10. Ferroptosis and Liver Disease

Iron-overload disorders include primary and secondary iron overload that can be further categorized as defects in the hepcidin–ferroportin axis, impairing iron transport and causing ineffective erythropoiesis [60]. The most representative disease related to iron overload is hemochromatosis. More than 100 years ago, the association between iron deposits and liver damage was described as hemochromatosis, and subsequently, the mechanisms involved in chronic inflammation, genetics, and cellular damage have been elucidated. Iron-mediated cellular injury is the basis of iron-overload disorders, resulting in organ damage including in the brain, heart, pancreas, and liver [105].
Iron overload in liver diseases arises from two sources: (i) increased intestinal absorption following iron-mediated cellular injury (described above), and (ii) increased iron burden present in some diseases such as β-thalassemia, where frequent repeated blood transfusions are required. Regardless of the cause of iron overload, uncontrolled free iron exerts significant oxidative damage in the liver, contributing to the progression of disease and the development of complications such as HCC [106]. Indeed, there is growing evidence supporting the role of iron as a mediator of liver injury and disease beyond well recognized iron-overload disorders such as hemochromatosis and β-thalassemia [16,17].

10.1. Ferroptosis in Metabolic Liver Diseases: Hereditary Hemochromatosis | Non-Alcoholic Fatty Liver Disease (NAFLD)

10.1.1. Hemochromatosis (HH)

In hereditary hemochromatosis (HH), the role of iron in initiating and perpetuating liver damage with further liver fibrosis and HCC has been well described [107]. In particular, HH is caused by genetic mutations, such as in genes encoding hemochromatosis protein (HFE) or SLC40A1 (Ferroptin-1), whose proteins are involved in limiting iron absorption [108]. Moreover, aggressive therapies aimed to decrease iron content through phlebotomy and iron chelators have proven useful in these patients, showing an improvement in several outcomes, including portal hypertension [109].
A striking feature in patients with HH is the development of diabetes, in addition to liver damage. The proposed causes of diabetes in HH include decreased pancreatic β-cell function secondary to apoptosis and increased ROS, decreased insulin secretory capacity, and decreased sensitivity to glucose-induced insulin secretion [110]. Finally, an improvement in metabolic outcomes, including higher insulin sensitivity, has been documented after bloodletting in some studies [111,112].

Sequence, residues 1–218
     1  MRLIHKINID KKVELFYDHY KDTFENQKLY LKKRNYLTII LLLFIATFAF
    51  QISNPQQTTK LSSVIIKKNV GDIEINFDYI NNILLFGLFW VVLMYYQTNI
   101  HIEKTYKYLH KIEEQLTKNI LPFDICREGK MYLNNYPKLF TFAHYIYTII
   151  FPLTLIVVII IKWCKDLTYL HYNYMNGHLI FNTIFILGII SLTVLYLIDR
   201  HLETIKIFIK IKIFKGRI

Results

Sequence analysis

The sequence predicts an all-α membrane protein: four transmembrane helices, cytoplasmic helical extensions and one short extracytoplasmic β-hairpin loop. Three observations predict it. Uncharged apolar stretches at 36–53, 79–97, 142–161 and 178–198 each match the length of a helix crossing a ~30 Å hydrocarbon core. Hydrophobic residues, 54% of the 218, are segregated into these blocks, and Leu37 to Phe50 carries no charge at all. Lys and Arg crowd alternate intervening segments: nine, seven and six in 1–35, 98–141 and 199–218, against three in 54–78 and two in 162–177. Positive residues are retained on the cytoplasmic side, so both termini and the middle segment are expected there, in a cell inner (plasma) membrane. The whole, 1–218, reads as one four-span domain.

10.1.2. Non-Alcoholic Fatty Liver Disease (NAFLD)

The role of altered iron metabolism in NAFLD has been extensively studied in recent years. The association between iron and fatty liver comes from the link between iron and the development of metabolic syndrome features, [113] including diabetes in diseases such as HH and iron overload secondary to multiple transfusions (referred as the dysmetabolic iron overload syndrome, or DIOS) [114,115]. In these patients, insulin resistance (IR) correlates with the increase in serum ferritin, and half of them display some degree of NAFLD [116,117]. Interestingly, a recent study has shown that increased serum hepcidin levels correlates with liver iron content in NAFLD patients with DIOS [118].
Furthermore, augmented levels of serum ferritin in patients with NASH not only are linked to disease severity, including hepatic fibrosis and inflammation, but they also correlate with hepatic iron deposits [119,120,121,122,123]. Recent studies have shown an increased duodenal iron absorption in these patients after oral challenge with iron through the upregulation of DMT1 mRNA in duodenal tissue and the further activation of IRP1 (iron regulatory protein 1) [124]. Although these data suggest iron-lowering therapies as a therapeutic approach in NASH, including phlebotomy, they have been shown to be useful only in particular patients with NASH, with evidence of no benefit in a further randomized clinical trial [125,126,127].

10.2. Ferroptosis in Alcoholic Liver Disease (ALD)

Active alcohol consumption has been associated with hepatic iron overload mediated by different mechanisms including low hepcidin levels that, in turn, can increase the duodenal iron transport via increased duodenal DMT1 and ferroportin expression [128,129,130,131]. In addition to these mechanisms, a synergistic effect of alcohol and iron increasing liver fibrogenesis and oxidative stress has been proposed. In fact, feeding rodents with carbonyl iron together with a liquid ethanol diet causes elevated serum transaminases levels, steatosis, as well as inflammation and fibrotic markers. This evidence suggests that dietary iron supplementation to an ethanol diet exacerbates hepatocellular damage and promotes liver fibrogenesis which, at least in some experimental cases, leads to cirrhosis and HCC [132,133,134,135,136]. It is of note that the high hepatic iron content in alcohol-related cirrhosis patients has been associated with adverse outcomes, including mortality [137].